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Erratum
This article is an erratum for:
[https://doi.org/10.1051/0004-6361/201015811]


Issue
A&A
Volume 536, December 2011
Article Number C1
Number of page(s) 2
Section Planets and planetary systems
DOI https://doi.org/10.1051/0004-6361/201015811e
Published online 19 December 2011

This erratum corrects three equations of the Appendix B of the original article, related to the geometrical calculation of the projected area of a triaxial ellipsoid. We also provide an analytical formula for this projected area allowing an easy modeling of the distortion of the shape of the lightcurve due to the non sphericity of an observed transiting planet. As a consequence, the shape of the phase curve presented in Fig. 5 of the original study is slightly changed, as shown here in Fig. B.1.

All the conclusions of the original article, however, remain unaffected, as they are based on the maximal transit depth which is not altered by these corrections.

Acknowledgments

The authors are very grateful to Nick Cowan and Louis Shekhtman, who first noticed these errors. This work has been supported in part by NASA Grant NNX07AG81G and NSF grants AST 0707628. We also acknowledge funding from the European Community via the P7/2007-2013 Grant Agreement no. 247060.

References

  1. Leconte, J.,Lai, D., &Chabrier, G. 2011, A&A, 528, A41 [NASA ADS] [CrossRef] [EDP Sciences] [Google Scholar]

Appendix B: Projected area of a triaxial ellipsoid

B.1. General case

We take the notation used in the Appendix B of Leconte et al. . To compute the projected area of this ellipsoid as it will be seen by the observer, it is easier to put ourselves in the coordinate system defined by the line connecting the center of mass of the system and the observer (toward the observer; ), the projection of the orbital angular momentum on the sky plane (), and a third axis in the sky plane chosen so that follows the righthand vector direction. The current position vector expressed in this frame writes as (B.1)The equation of the ellipsoid in the coordinate system of the observer reads as (B.2)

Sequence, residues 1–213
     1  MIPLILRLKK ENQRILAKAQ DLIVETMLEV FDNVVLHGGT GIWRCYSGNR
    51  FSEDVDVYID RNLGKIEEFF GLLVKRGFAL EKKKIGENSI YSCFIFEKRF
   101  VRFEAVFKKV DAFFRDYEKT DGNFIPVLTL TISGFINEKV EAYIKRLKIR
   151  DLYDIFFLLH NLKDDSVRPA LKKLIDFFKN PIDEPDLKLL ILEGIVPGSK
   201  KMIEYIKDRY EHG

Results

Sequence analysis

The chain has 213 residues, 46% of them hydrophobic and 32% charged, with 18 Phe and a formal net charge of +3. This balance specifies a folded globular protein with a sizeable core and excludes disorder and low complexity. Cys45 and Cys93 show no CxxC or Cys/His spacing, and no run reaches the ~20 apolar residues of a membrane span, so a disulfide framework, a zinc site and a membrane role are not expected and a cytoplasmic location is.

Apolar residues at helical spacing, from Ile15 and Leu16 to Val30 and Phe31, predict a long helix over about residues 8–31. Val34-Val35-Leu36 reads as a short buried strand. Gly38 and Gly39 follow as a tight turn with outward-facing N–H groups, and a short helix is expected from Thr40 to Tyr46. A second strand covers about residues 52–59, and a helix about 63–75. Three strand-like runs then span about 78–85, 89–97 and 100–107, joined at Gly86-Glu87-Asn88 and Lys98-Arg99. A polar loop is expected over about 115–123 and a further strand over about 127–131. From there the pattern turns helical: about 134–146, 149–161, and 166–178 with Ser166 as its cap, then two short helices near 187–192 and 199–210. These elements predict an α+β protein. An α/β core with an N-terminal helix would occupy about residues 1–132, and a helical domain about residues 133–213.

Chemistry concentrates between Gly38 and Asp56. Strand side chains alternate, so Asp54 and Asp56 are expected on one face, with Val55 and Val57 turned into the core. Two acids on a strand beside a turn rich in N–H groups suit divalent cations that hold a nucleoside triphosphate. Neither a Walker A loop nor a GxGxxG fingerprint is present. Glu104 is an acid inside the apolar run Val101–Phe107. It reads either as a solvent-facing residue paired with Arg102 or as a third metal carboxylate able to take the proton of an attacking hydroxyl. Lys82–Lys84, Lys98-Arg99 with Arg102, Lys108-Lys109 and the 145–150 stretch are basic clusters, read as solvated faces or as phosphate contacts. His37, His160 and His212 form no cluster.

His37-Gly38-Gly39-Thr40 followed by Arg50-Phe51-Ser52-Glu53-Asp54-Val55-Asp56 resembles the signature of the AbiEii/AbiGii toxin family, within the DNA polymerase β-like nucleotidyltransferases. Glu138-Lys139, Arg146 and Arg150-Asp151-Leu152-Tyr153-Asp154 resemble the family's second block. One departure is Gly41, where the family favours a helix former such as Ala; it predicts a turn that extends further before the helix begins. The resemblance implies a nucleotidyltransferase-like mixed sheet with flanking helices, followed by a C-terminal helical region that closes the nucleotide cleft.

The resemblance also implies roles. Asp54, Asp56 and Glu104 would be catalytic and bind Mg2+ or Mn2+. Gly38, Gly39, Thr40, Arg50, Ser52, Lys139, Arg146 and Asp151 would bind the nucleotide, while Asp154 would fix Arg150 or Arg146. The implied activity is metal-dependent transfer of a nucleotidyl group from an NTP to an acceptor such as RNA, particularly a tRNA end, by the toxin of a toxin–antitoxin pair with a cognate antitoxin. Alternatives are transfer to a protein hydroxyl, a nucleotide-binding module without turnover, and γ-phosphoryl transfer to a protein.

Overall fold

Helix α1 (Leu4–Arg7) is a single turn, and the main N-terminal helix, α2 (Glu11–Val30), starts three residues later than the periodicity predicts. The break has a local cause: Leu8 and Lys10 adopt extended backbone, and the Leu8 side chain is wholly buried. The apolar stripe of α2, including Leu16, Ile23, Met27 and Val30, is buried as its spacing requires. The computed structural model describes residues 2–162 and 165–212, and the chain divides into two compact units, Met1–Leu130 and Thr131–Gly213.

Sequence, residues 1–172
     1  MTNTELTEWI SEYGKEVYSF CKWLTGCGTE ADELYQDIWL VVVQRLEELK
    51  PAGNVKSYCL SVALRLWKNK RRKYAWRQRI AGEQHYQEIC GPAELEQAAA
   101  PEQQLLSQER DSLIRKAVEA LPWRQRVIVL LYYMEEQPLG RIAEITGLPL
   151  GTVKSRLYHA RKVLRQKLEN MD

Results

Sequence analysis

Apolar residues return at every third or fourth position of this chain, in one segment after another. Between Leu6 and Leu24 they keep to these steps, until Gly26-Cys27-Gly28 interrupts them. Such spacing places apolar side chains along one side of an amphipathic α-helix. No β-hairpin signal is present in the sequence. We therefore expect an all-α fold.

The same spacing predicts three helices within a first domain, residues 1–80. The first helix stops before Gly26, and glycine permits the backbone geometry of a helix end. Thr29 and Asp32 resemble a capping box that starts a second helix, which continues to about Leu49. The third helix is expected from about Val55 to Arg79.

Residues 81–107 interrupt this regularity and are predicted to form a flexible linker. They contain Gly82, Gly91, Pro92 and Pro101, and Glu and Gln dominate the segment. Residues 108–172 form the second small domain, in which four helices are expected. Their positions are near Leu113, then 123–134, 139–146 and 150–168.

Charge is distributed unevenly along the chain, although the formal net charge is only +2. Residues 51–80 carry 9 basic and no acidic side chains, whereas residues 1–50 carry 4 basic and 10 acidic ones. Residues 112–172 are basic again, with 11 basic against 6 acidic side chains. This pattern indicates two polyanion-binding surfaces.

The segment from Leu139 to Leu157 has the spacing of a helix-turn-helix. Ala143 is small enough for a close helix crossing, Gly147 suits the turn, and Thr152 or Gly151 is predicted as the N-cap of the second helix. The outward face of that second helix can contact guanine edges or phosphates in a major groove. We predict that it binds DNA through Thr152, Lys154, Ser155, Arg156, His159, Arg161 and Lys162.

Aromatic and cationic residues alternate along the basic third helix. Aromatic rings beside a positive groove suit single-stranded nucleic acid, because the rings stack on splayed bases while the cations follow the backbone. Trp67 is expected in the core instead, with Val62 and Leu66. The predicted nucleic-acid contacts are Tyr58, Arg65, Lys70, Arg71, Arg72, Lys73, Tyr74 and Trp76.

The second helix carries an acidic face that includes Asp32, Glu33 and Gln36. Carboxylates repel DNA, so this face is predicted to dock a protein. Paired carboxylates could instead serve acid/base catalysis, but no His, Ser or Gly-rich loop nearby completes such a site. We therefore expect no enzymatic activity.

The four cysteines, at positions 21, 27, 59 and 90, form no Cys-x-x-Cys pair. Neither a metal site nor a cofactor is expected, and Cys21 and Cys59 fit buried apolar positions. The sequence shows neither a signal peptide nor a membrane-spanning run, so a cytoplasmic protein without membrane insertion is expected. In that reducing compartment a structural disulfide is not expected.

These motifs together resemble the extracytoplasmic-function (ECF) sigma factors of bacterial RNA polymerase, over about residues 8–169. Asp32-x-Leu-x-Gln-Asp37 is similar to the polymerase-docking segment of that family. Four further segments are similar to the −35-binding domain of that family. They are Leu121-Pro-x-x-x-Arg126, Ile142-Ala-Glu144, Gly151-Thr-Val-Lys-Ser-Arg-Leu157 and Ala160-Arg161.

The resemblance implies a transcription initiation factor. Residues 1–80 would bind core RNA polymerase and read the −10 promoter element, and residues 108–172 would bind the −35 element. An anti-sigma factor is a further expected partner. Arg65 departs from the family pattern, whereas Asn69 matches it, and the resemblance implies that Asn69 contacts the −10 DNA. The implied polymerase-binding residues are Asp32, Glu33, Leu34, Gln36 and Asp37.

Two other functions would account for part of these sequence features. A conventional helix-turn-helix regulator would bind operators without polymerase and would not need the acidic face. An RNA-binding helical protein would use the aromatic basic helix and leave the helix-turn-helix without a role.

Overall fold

thumbnail Fig. B.1

Normalized projected area of the planet as a function of its anomaly (φ) for inclinations of the orbit going from i = 90° (lowest curve) to i = 0° (highest curve) in steps of 10 (5 for bottom panel) for a WASP-12 b analog on a circular orbit. Top: for the full orbit. Bottom: zoom on the (primary or secondary) transit. The ordinates of the dotted, solid, and dashed horizontal lines are (face-on orbit), , and , respectively.

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where ℛ is the rotation matrix between the aforedescribed system and the coordinate system attached to the ellipsoid, and the ai are the principal axes of the ellipsoid. In the general case, takes the form (B.3)The equation of the contour of the projected shadow is given by the fact that the normal to the ellipsoid is normal to the line of sight at this location. This reads as (B.4)This shows that these points are located on a plane whose equation is (since a ≠ 0) (B.5)This equation differs from Eq. (B.6) in Leconte et al. by the minus sign that was formerly omitted, which slightly changes Eqs. (B.6) and (B.7). Substituting x in Eq. (B.2) by Eq. (B.5) we see that the cross section is an ellipse following the equation (B.6)It is thus possible to find the rotation in the sky plane needed to reduce the ellipse and find its principal axes (p1,   p2). If only the cross section (πp1p2) is needed, we can use that the determinant of a matrix is independent of the coordinate system so that with (B.7)

B.2. Coplanar case

We consider the case where the planet equator and the orbital plane are coplanar. If i is the inclination of the orbit with respect to the sky plane and φ the true anomaly defined to be 0 at the instant of inferior conjunction, the rotation matrix reads as (B.8)The matrix can be computed thanks to Eq. (B.2) giving the a, b, ..., f coefficients and thus Det(ℬ). This gives the projected area of the planet or the star at any given point of the orbit (B.9)as shown in Fig. B.1. However, this formula is more general. It is also the cross section that would be seen by an observer located in the direction (B.10)in the reference frame defined by the three main axes of the ellipsoid (see Appendix B of Leconte et al. for details).


© ESO, 2011

All Figures

thumbnail Fig. B.1

Normalized projected area of the planet as a function of its anomaly (φ) for inclinations of the orbit going from i = 90° (lowest curve) to i = 0° (highest curve) in steps of 10 (5 for bottom panel) for a WASP-12 b analog on a circular orbit. Top: for the full orbit. Bottom: zoom on the (primary or secondary) transit. The ordinates of the dotted, solid, and dashed horizontal lines are (face-on orbit), , and , respectively.

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